But we don’t talk about the racism that’s rooted here. If we continue to run from those conversations, we’ll never do the reflective work that’s necessary to say, ‘How did we let a steel mill and all this industry go into the same communities?’
“We killed King here,” Justin J. Pearson said of Dr. Martin Luther King Jr.’s assassination in Memphis. “But we don’t talk about the racism that’s rooted here. If we continue to run from those conversations, we’ll never do the reflective work that’s necessary to say, ‘How did we let a steel mill and all this industry go into the same communities?’ “
He hopes elected officials with the power to intervene, from President Joe Biden to local officials, will ask themselves similar questions on what can be restored rather than extracted. “How did we let this happen, not how should we keep it going,” Justin J. Pearson said.
“It is not imminent that we need to be extracting more oil, transporting more oil. Those things are not mandatory for our survival. What is mandatory for our survival is air, is water, is housing,” he said.
In Shelby County, Valero’s refinery operations have historically enjoyed a range of supports since the company purchased the site in 2005, including a 15-year, $25.8 million tax break package expiring in 2027; local backing on state legislation and a city ordinance the company sought to kill; and multimillion-dollar improvements to the highway interchange and Mississippi River harbor on which the company relies.
Chemical releases also mark Valero’s time in Memphis: 1,500-gallons of diesel released into the harbor by a barge operator, 440 pounds of bleach into the ground, 528 pounds of hydrogen cyanide in the air and 500 pounds sulfur dioxide, released in an explosion, appear in state and federal regulatory agency records. The explosion was among a rash of incidents involving two separate worker deaths, between 2010-2012, Commercial Appeal archives show.
In a recent release of gases by burning known as a flare, a plume of fire over the refinery caught attention on social media in February. MLK50 reported on Valero’s clean-up of Nonconnah Creek afterwards and the approximately 101 pounds of hydrogen sulfide and 501 pounds of sulfur dioxide released.
National Emissions Inventory data provides a yearlong example of “Emergency Flare” emissions, reported by the sum of each pollutant released in 2017: 7,810 pounds of volatile organic compounds, 1,825 pounds of sulfur dioxide, 3,785 pounds of nitrogen oxides and 17,255 pounds of carbon monoxide.
“The reality of living in this area, living in 38109, you are definitely exposed to the burning … at Valero,” said Pastor Pearson. “All of that pollution gets into the air, then breathed into the lungs of the people.”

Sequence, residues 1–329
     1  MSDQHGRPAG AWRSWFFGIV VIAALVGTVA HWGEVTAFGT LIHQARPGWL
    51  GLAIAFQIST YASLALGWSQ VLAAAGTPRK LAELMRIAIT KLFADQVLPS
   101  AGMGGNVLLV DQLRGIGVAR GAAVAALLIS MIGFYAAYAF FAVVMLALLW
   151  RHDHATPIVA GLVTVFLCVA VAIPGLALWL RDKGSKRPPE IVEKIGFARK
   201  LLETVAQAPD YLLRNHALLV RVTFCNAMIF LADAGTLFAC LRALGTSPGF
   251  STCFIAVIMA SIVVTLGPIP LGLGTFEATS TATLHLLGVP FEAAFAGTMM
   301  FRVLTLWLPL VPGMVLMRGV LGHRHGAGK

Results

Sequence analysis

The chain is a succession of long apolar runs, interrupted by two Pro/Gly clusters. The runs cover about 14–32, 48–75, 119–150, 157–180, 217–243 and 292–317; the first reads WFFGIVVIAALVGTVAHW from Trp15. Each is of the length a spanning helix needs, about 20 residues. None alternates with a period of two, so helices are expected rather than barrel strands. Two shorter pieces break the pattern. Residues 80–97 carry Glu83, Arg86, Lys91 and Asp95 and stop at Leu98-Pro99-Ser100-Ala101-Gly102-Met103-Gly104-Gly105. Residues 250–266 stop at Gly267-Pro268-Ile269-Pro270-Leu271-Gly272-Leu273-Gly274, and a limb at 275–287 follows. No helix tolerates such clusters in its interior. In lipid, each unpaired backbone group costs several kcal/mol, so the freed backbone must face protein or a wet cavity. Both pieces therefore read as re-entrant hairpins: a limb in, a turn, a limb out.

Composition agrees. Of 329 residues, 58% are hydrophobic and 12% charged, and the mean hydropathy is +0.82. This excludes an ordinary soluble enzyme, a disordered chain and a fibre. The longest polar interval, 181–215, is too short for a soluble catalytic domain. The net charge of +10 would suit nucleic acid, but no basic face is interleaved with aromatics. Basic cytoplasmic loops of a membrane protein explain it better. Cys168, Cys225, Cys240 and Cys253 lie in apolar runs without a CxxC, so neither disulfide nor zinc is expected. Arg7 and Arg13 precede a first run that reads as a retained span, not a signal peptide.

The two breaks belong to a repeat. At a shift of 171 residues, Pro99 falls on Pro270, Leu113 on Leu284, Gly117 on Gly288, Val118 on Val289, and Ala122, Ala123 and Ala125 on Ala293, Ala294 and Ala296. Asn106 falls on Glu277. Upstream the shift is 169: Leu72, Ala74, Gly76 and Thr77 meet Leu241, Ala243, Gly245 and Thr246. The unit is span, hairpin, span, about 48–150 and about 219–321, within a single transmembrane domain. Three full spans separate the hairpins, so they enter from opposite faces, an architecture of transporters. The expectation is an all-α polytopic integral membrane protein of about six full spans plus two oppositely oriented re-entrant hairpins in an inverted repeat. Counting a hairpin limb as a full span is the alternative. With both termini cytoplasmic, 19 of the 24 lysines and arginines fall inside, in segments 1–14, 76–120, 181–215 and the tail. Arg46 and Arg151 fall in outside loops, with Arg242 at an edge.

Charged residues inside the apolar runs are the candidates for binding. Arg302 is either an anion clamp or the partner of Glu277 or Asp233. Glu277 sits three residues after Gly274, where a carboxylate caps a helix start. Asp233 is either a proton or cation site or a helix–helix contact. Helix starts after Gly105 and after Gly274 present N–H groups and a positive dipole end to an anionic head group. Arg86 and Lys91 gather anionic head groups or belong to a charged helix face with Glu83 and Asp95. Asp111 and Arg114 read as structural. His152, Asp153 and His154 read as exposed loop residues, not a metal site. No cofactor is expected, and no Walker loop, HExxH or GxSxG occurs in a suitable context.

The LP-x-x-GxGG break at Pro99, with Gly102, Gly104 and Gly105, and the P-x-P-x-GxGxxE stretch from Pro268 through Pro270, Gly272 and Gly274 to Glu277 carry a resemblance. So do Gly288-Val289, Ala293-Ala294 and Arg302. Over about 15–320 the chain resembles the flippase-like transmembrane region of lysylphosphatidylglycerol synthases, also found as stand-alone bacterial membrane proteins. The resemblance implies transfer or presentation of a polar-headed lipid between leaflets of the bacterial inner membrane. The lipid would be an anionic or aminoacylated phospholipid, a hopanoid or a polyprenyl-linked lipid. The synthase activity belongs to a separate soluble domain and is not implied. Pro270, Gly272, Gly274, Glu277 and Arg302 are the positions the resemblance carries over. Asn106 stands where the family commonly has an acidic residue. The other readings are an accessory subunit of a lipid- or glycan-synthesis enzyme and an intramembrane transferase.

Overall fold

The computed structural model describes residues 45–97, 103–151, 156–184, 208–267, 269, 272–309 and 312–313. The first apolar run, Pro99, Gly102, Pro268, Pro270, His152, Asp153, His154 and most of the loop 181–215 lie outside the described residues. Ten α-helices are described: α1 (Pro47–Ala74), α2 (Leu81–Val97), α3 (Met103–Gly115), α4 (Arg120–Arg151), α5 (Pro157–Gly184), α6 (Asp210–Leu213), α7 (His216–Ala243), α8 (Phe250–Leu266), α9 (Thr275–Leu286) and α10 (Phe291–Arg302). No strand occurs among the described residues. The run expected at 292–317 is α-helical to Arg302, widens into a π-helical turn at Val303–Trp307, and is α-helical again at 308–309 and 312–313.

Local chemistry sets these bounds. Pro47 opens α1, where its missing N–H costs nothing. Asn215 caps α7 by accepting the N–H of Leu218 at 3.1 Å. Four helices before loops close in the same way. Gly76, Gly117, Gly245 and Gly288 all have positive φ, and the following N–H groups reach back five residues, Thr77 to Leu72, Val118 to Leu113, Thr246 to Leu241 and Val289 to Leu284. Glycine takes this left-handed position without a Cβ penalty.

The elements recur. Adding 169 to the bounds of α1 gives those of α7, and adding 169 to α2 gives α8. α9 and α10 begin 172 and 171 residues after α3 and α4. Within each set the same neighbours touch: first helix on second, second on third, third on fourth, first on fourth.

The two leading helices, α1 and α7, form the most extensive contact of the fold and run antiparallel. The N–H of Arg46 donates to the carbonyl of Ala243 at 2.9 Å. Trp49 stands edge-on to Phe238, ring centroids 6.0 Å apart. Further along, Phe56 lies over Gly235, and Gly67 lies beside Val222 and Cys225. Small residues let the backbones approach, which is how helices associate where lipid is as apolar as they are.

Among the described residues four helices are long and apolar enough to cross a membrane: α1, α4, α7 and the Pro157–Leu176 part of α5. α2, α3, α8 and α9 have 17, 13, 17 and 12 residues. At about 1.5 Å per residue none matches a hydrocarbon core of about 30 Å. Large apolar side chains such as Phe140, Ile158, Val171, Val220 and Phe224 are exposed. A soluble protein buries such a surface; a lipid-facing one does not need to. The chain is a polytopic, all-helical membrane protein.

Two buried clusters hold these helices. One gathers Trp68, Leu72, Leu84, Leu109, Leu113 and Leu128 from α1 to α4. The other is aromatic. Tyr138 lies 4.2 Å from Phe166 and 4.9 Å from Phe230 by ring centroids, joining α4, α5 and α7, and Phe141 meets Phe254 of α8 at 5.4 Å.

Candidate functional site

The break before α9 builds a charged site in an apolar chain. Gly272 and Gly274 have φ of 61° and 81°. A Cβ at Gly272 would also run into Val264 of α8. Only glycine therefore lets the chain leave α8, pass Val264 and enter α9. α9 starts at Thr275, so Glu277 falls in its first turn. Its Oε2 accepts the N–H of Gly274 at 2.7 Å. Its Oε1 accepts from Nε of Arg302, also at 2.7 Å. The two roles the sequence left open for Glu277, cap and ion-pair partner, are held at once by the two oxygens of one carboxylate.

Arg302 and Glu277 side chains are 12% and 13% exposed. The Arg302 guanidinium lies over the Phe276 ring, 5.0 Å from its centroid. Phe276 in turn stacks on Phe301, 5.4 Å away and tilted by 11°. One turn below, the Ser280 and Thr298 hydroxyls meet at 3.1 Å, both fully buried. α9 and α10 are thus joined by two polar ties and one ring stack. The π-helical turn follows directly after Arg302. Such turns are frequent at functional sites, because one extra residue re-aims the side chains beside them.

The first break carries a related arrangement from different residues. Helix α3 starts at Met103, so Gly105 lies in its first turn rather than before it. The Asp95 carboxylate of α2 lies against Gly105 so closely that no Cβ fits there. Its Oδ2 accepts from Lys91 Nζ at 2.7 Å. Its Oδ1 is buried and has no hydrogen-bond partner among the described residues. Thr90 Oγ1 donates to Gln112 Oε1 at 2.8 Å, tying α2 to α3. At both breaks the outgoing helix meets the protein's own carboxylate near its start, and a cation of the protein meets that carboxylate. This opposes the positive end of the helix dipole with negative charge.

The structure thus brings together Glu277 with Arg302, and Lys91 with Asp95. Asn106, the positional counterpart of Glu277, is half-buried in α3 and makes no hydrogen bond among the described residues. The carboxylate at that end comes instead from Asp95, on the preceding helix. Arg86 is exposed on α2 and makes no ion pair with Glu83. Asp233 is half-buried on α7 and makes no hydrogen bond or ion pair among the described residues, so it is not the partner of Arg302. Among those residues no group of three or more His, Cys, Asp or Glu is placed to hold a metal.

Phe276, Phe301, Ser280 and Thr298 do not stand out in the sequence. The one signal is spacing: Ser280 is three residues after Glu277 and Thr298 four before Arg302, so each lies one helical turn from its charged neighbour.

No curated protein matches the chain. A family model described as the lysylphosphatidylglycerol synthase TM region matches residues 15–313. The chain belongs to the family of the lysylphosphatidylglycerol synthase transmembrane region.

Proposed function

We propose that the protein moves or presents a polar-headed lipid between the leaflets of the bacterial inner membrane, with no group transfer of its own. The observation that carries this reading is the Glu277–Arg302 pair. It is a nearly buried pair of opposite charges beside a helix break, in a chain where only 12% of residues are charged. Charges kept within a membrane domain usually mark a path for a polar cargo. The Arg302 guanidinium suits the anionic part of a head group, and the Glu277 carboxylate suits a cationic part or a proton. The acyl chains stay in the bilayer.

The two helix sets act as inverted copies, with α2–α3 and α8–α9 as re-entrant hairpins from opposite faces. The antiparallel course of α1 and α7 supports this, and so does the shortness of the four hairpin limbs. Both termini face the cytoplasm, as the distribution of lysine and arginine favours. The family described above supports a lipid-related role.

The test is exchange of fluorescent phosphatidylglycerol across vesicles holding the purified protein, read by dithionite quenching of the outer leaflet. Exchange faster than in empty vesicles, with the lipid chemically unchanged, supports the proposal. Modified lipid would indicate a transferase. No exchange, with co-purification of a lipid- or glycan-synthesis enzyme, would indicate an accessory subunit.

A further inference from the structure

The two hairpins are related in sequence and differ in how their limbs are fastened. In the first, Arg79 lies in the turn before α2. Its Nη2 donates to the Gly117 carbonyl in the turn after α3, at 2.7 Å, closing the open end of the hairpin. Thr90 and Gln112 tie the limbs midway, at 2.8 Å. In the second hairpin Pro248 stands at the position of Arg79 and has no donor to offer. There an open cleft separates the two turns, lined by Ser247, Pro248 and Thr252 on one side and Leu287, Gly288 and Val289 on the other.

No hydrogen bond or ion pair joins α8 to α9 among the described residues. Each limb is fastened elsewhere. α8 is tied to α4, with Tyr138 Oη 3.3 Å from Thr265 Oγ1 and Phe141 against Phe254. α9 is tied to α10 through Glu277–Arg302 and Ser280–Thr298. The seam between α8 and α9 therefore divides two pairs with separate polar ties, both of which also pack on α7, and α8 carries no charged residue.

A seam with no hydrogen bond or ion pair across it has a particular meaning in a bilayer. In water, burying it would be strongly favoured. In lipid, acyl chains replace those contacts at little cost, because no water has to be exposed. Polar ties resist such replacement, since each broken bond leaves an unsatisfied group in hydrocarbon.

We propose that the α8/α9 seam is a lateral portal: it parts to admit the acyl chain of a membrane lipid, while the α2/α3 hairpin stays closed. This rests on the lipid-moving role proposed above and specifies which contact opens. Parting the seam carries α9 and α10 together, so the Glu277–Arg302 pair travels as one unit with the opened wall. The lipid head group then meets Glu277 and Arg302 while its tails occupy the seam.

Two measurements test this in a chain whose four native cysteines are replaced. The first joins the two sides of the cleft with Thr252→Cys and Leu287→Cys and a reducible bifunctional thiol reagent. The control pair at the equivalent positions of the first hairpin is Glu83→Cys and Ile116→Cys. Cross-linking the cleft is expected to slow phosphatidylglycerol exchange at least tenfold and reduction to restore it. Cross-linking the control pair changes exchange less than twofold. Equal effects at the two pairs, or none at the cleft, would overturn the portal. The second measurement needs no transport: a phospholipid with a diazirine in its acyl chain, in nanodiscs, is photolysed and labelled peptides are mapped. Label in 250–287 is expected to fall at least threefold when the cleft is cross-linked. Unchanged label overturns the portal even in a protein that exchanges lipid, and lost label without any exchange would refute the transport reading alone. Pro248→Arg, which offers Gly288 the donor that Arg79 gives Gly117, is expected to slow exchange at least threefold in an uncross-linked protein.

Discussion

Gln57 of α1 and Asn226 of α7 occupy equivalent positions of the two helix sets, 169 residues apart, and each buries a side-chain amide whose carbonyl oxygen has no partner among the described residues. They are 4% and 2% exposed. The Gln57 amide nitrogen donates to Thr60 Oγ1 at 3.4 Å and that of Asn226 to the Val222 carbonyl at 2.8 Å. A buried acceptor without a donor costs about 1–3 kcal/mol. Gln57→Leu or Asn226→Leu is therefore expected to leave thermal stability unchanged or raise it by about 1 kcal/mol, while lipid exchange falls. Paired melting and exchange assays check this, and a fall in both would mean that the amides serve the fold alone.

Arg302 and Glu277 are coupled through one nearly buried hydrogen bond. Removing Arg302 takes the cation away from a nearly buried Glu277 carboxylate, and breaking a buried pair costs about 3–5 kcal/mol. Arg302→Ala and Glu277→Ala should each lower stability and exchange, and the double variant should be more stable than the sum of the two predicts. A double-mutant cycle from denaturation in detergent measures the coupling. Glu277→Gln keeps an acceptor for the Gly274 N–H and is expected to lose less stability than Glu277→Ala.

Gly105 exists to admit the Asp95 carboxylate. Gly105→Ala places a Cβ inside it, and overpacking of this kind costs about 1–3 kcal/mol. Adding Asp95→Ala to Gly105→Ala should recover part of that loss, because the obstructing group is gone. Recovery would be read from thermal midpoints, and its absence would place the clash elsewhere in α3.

He doesn’t think it’s a coincidence that two of his brothers who’ve consistently lived in the area have asthma. “They were even closer to the plant, over there by Nonconnah. Those two of my brothers have chronic, literally chronic asthma,” Pastor Pearson said.
Valero is now among employers recognized by the Occupational Health and Safety Administration for maintaining below-average injury and illness rates. On March 2, a workplace safety complaint was lodged against Valero involving the Memphis refinery, OSHA data shows. The oversight agency does not disclose details on open investigations.
Valero is also under a federal consent decree agreement as of a $2.9 million settlement with the EPA in December, for non-compliance with gas and diesel fuel sampling at some sites, including Memphis, and non-compliance with emissions reductions standards regarding its fuel products at other sites, including a terminal across the Mississippi River in West Memphis, Arkansas.
A spokesperson for Biden’s administration didn’t say whether U.S. Rep. Steve Cohen’s request that the president consider revoking the Byhalia pipeline’s federal permit is under consideration.
The administration’s policy involves approval on a case-by-case basis, the spokesperson said, based on energy needs, the creation of union jobs and Biden’s goal to achieve net-zero emissions by 2050. The spokesperson did not clarify whether those determinations include pipelines with existing federal approval.
On Valero’s site, the company cites its industry awards; a ranking by Forbes among best multinational corporate employers; and in Memphis, monthly safety drills and $4.3 million donated to local charities.
Ahead of local votes on the project, Kimberly Pearson reflected on those who may be loyal to big business. “You can’t drink money. You can’t inhale money. You need to get your priorities straight.”
In a February investor filing, Valero states the company’s insurance “may not be sufficient to cover all potential losses arising from operating hazards,” attributing the gap to unreasonable rates.
Valero also warned investors the insurance it does have may not necessarily deliver.